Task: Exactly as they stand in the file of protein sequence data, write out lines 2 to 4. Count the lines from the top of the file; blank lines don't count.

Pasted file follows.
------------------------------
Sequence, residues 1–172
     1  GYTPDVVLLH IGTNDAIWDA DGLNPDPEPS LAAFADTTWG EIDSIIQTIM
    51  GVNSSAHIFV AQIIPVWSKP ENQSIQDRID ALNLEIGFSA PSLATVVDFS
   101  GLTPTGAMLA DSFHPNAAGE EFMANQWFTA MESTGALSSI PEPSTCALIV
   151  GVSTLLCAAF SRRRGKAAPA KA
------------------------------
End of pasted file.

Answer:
     1  GYTPDVVLLH IGTNDAIWDA DGLNPDPEPS LAAFADTTWG EIDSIIQTIM
    51  GVNSSAHIFV AQIIPVWSKP ENQSIQDRID ALNLEIGFSA PSLATVVDFS
   101  GLTPTGAMLA DSFHPNAAGE EFMANQWFTA MESTGALSSI PEPSTCALIV